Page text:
Stop by the "Shop and Walk" check-in located at Cowboy Slim's Saloon (1312 West Lake Street) anytime during the event to pick up your complimentary gift bag, available to the first 200 visitors, as well as a complete listing of specials and a map highlighting each of the participating businesses. The map will outline different walking routes, ranging from easy to advanced, that will allow you to take advantage of the best discounts while burning off the most calories according to your desired activity level. Use your free pedometer, one of many freebies included in the gift bags, to track your steps, distance and calories burned. Skip the hassle of looking for parking by downloading a free Metro Transit bus pass, valid on April 10. Bus Maps and a complete listing of participating businesses are available for download at

Monday, April 5, 2010

Tell Your Friends

Magers & Quinn has a deal for you. Visit on Tuesday, April 6, and you can purchase a coupon good for twenty dollars worth of books for only ten dollars. The coupon will be available for only twenty-four hours. You can redeem it at the store any time in the next six months.

Spread the word. Tell your friends about the deal, and introduce them to your favorite bookstore for a bargain price. They'll be glad you did, and you'll be helping us find
homes for more of our great books. Details are here.--David E

America's Pastime

Baseball fans in Minnesota have a lot to look forward to this spring. Target Field opens April 12, and the night before two great baseball minds will meet to discuss America's pastime Sunday, April 11, at 5:00pm.


In Peter Schilling's The End of Baseball, a team that "almost was" becomes real, and the extraordinary season of 1944 comes vividly to life.

Bill Veeck, the maverick promoter, returned from Guadalcanal with a leg missing and $500 to his name, has hustled his way into buying the Philadelphia Athletics. Hungry for a pennant, young Veeck jettisons the team's white players and secretly recruits the legendary stars of the Negro Leagues, fielding a club that will go down in baseball annals as one of the greatest to play the game.

"The End of Baseball is so engaging and convincing that it accomplishes something truly special: it makes you wish desperately it were true."--Brad Zellar, The Rake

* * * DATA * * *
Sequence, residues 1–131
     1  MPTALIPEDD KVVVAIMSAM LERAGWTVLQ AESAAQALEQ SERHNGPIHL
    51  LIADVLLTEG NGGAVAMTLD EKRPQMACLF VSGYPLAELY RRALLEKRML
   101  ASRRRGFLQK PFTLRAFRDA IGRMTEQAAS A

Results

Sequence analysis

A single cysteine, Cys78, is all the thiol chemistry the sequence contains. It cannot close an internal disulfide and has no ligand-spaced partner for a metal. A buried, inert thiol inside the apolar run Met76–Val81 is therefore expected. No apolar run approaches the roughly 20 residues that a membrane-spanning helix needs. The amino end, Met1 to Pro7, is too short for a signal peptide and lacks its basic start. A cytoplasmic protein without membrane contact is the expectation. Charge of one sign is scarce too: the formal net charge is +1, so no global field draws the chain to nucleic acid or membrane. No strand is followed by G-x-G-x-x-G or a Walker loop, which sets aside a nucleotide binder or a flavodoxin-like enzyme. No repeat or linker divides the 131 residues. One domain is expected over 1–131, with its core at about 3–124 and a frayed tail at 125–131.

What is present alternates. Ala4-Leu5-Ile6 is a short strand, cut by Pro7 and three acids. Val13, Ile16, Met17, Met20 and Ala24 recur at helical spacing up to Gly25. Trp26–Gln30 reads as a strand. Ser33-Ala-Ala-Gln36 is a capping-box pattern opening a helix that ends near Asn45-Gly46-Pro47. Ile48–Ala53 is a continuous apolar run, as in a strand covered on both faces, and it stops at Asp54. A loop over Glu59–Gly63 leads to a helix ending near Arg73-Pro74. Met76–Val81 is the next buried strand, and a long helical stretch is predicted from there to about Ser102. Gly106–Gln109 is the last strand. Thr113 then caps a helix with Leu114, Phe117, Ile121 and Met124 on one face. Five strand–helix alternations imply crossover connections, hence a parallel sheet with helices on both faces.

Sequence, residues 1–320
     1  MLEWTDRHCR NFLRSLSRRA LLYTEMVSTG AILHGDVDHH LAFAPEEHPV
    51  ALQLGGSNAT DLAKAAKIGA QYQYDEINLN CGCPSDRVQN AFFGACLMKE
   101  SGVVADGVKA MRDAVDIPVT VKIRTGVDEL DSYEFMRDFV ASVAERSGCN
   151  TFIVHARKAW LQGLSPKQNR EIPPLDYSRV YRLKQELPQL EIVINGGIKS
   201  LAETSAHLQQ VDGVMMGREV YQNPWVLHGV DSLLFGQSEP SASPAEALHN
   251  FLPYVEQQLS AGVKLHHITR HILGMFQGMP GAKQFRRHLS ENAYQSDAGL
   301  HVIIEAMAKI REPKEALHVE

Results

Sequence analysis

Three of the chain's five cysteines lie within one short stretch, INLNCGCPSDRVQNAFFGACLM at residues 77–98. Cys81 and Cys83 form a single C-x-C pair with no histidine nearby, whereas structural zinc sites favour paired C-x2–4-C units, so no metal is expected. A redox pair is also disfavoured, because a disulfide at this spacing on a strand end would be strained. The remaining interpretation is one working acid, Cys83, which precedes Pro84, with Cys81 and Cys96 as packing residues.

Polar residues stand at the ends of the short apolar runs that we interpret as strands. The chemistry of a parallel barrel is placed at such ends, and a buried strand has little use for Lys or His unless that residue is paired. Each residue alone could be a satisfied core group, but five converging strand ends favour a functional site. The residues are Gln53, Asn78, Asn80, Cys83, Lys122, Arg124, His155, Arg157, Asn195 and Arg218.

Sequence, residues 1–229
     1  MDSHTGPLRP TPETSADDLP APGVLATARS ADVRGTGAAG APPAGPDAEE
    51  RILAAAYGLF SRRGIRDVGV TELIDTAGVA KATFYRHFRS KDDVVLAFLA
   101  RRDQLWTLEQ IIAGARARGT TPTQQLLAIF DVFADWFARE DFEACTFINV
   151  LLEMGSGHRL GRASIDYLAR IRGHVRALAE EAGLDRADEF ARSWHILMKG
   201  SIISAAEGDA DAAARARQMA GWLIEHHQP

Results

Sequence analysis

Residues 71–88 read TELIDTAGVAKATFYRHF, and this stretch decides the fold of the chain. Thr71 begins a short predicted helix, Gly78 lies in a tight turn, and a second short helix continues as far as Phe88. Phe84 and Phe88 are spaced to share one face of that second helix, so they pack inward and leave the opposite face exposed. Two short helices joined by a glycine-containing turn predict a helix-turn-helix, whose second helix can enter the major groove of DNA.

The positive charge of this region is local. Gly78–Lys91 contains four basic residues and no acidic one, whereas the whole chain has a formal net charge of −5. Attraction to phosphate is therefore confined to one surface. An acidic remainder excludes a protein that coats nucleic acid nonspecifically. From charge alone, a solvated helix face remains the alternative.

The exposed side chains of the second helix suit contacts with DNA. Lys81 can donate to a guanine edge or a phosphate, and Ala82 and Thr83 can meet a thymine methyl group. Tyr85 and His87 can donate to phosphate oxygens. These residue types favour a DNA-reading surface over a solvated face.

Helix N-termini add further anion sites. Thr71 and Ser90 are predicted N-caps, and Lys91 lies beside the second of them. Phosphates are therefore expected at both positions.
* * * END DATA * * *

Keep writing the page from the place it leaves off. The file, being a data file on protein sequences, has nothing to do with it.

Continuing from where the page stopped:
Peter Schilling Jr. edited the online baseball journal and has covered baseball for years. He grew up in Michigan and now lives in St. Louis Park, Minnesota. The End of Baseball is his first novel.

Peter Schilling's short play Who's on Steroids (written with Judd Spicer) is part of It's Outta Here!, an original, nine inning show of baseball plays and sketch comedy. The interactive production has been designed to be like an actual game with nine one-act “innings.” It features baseball themes and an intermission (seventh inning stretch) and culminates with a noted baseball comedy sketch. It's Outta Here! will be performed at several theaters in the Twin Cities, March 5th through April 18th. Learn more at


From open air to the Dome to blue sky again in 2010, Doug Grow covers a half century of Twins baseball. In We’re Gonna Win, Twins! the longtime sports reporter and columnist chronicles a half century of Twins baseball, season by season. Grow captures the changing economics of baseball and vividly portrays the characters that defined the times--from the “holy cow” of original radio color man Halsey Hall to the sweet moments and struggles of players like Zoilo Versalles, the first Latin MVP, to the 2006 season when the major leagues’ batting title, MVP, and Cy Young Award all went to Minnesota Twins.

"There will always be people who say that baseball is just a game--until they read this book.”--Don Shelby, WCCO-TV

Doug Grow covered the Minnesota Twins as a sports columnist from 1979 to 1987, and as a metro columnist he wrote about the 1987 and 1991 World Series as well as the long debates over stadium funding. He is currently a journalist working for the online publication MinnPost.

Details are here.--David E

Saturday, April 3, 2010

M&Q Closed for Easter

Magers & Quinn Booksellers will be closed on Sunday, April 4. We will open again 10:00am on Monday.

Friday, April 2, 2010

Citizen Review: I Thought You Were Dead

We continue our occasional series of customer reviews with Ben Paulson's summary of the latest comic novel from Pete Nelson. You can meet Pete Wednesday, April 21, at 7:30pm, when he reads at Magers & Quinn.
I Thought You Were Dead
It's generally accepted fact that people who love dogs and people who love books rarely have anything to discuss with each other. I am happy to announce that those days of conflict are safely behind us. I Thought You Were Dead, the new novel by Pete Nelson, is the story of a man in a rut. Recently divorced, Paul Gustavson oscillates between his floundering freelance writing career and his local drinking establishment, meandering peaceably through his days side by side with his faithful dog, Stella. When his father is hospitalized, Paul must return home, embarking on a personal odyssey of reconciliation. Forced to confront his own disappointments, Paul ultimately finds renewal through an introspective reevaluation of his life, reconsidering the changes of middle age, the value of family and the meaning of companionship, canine or otherwise. Through this narrative of mordant humor and patient storytelling, Nelson explores the inertia of lowered expectations and the constant possibility of change. Perfect for the dog-lover in your life, I Thought You Were Dead is the tale of a man at odds with the world and the dog that talks him through it. Oh, yeah, the dog talks. You'll get used to it. In fact, like Paul, you'll start to find it kind of comforting.
Ben Paulson lives in St. Paul, where he obsesses about books, zombies and breakfasts.

Golden Rule

Jaime Theler, better know by her nom de blog as Bookmom, has posted this handy dandy guide to crafting your own bestseller.

The words of the immortal Tom Lehrer are as useful now as ever: "Plagiarize, plagiarize, plagiarize." And now the dance portion of our show.--David E